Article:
MINNEAPOLIS (WCCO) – From a Hong Kong hotel room, a former CIA worker made public two sweeping U.S surveillance programs. Now, Edward Snowden could be looking at years in jail for the leak.
“Even if you’re not doing anything wrong you’re being watched and recorded,” Snowden said.
One program tracks millions of US phone records to search for links to terrorism. Another taps into nine internet companies to detect suspicious behavior by web users that begins overseas.
So, how much does the government really know about us?
William McGeveran writes and teaches about privacy law as a professor at the University of Minnesota.
“The government, if you take it all together, knows a ton,” McGeveran said.
From the Census Bureau to the tax man, McGeveran says there are plenty of government agencies with tidbits about us.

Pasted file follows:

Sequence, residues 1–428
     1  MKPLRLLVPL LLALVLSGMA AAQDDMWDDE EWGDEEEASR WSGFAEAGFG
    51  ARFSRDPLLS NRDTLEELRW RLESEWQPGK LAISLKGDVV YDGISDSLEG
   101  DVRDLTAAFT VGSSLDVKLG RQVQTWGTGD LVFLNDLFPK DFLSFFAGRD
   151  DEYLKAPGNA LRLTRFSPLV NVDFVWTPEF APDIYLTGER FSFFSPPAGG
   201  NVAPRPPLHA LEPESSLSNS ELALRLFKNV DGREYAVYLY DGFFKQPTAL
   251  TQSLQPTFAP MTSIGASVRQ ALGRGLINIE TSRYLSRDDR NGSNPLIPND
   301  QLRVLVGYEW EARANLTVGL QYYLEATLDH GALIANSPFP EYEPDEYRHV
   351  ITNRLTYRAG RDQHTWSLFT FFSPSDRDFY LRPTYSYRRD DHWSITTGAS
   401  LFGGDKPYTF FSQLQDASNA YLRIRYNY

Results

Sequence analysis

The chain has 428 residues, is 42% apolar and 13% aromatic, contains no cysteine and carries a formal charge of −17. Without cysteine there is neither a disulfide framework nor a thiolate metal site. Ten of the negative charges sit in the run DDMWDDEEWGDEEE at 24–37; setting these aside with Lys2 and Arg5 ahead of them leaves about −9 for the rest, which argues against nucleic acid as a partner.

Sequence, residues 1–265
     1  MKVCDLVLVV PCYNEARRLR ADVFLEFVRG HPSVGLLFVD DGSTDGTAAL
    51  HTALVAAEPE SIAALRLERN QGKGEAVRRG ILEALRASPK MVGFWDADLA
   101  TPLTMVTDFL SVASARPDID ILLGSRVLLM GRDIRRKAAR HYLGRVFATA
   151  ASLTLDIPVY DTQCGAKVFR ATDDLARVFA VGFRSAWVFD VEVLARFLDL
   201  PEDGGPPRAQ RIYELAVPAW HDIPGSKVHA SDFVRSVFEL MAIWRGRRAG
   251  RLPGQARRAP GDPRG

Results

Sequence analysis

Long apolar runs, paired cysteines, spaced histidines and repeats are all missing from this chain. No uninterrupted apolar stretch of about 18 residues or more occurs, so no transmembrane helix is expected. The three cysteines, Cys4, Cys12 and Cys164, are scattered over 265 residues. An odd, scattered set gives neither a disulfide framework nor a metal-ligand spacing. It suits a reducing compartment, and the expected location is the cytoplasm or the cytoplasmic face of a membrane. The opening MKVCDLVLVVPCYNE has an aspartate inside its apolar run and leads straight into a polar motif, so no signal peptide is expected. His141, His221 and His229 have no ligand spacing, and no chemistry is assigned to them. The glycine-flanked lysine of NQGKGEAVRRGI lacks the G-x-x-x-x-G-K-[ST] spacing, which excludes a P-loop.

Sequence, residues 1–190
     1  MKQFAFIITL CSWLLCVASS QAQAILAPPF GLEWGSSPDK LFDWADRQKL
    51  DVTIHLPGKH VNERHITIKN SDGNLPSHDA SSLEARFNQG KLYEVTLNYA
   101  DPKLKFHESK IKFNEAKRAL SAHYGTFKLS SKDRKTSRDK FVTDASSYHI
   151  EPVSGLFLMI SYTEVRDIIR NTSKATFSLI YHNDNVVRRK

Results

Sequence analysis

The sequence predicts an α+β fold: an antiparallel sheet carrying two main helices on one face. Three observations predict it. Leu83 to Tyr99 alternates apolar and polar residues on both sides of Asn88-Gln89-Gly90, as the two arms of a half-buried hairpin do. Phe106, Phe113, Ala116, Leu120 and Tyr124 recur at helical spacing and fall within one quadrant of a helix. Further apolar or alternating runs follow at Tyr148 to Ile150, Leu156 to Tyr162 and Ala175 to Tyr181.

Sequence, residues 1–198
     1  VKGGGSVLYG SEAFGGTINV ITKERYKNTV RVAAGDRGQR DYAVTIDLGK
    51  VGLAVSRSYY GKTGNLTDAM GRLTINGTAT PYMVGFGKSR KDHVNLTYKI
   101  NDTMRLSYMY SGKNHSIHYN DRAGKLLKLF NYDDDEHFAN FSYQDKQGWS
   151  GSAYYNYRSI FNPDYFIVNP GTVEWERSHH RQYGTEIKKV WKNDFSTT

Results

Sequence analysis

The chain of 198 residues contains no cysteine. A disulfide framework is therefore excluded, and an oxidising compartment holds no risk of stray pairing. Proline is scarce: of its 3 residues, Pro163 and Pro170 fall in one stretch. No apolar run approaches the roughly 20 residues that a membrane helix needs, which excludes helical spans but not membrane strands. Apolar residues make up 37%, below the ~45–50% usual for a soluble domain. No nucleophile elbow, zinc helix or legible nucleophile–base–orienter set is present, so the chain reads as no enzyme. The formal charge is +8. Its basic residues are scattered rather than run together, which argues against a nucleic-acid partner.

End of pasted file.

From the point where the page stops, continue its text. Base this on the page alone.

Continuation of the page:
“In most cases there are pretty strict rules about what one agency can share with another about what information they’ve collected,” he said.
When it comes to how much money is on our bank accounts. McGeveran said there are hoops to jump through.
“There’s a rule that says banks have to tell the government certain really big transactions that might suggest that, like, you’re a drug dealer or in a money laundering operation,” he said.
Otherwise, if the government wants to know anything more about your money they’ll have to ask your bank.
When it comes to what we’re looking at online, we now know the National Security Agency is doing some kind of monitoring. But it’s been said these last few days that they’re only looking at foreign nationals.
“Your internet service provider knows what sites you go to and the government can ask,” McGeveran said.
In this post-911 world, the terrorism hunt taught Washington to look for a needle in a haystack. Now, some security experts are wondering just how big that haystack needs to be.
“The question is whether that’s sweeping up all kinds of other information of ordinary people more than it should,” he said.
When it comes to phone calls, McGeveran says the government can find out whom you’re calling with a court order. But if they want to hear what you’re saying, that’s wiretapping – which involves a lot more rules.